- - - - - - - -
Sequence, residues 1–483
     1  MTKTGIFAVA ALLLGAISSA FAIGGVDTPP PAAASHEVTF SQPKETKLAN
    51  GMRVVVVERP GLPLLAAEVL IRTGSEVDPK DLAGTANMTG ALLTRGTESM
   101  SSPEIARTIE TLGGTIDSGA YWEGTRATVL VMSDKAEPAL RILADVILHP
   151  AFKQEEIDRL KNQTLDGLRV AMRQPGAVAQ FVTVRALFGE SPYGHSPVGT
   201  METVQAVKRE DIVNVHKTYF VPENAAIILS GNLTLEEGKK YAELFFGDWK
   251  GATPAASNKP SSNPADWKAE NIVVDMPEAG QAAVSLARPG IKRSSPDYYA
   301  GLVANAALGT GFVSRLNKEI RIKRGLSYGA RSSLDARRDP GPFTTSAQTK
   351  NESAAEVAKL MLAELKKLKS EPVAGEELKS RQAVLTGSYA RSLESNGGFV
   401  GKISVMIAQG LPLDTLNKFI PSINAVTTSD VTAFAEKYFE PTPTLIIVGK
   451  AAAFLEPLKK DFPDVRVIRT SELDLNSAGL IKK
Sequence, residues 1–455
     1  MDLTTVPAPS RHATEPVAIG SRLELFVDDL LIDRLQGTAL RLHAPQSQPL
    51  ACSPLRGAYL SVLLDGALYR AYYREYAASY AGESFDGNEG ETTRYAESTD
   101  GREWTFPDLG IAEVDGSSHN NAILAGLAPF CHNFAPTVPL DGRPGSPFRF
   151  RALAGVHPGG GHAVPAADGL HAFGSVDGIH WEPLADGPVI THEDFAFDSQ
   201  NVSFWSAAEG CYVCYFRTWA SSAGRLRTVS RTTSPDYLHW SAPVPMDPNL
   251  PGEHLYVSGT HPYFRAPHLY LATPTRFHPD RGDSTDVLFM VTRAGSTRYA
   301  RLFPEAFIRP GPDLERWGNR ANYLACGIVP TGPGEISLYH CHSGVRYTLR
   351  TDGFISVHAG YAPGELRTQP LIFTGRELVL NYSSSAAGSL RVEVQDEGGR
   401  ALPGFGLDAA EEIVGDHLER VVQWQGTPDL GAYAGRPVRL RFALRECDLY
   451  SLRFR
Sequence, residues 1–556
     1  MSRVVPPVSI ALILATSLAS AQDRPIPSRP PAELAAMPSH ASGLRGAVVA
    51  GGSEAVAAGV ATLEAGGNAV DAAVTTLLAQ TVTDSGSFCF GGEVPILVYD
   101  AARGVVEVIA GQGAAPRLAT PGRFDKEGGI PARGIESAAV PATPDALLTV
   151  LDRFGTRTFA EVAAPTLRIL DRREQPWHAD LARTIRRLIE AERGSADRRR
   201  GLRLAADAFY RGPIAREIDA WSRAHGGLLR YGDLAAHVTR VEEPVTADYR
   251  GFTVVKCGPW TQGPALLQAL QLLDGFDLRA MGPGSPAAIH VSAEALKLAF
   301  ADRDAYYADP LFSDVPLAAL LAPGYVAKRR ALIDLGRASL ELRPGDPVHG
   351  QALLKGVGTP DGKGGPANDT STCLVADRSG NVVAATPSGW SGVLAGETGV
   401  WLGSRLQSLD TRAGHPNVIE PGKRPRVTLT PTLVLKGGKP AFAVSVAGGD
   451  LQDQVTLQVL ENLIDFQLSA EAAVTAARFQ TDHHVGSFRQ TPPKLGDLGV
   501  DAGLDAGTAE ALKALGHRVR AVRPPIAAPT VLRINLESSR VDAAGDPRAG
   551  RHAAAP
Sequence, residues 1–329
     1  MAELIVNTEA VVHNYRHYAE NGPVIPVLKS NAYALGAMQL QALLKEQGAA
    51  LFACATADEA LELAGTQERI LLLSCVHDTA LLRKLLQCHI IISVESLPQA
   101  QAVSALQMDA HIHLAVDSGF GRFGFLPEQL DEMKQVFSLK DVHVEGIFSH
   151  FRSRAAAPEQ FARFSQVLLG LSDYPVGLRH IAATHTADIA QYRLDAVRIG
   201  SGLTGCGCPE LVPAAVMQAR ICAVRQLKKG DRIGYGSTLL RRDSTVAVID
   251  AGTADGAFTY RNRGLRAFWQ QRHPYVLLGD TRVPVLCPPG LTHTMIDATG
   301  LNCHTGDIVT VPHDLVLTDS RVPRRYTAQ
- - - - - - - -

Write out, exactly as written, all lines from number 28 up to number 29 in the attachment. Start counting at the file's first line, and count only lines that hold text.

   201  GLRLAADAFY RGPIAREIDA WSRAHGGLLR YGDLAAHVTR VEEPVTADYR
   251  GFTVVKCGPW TQGPALLQAL QLLDGFDLRA MGPGSPAAIH VSAEALKLAF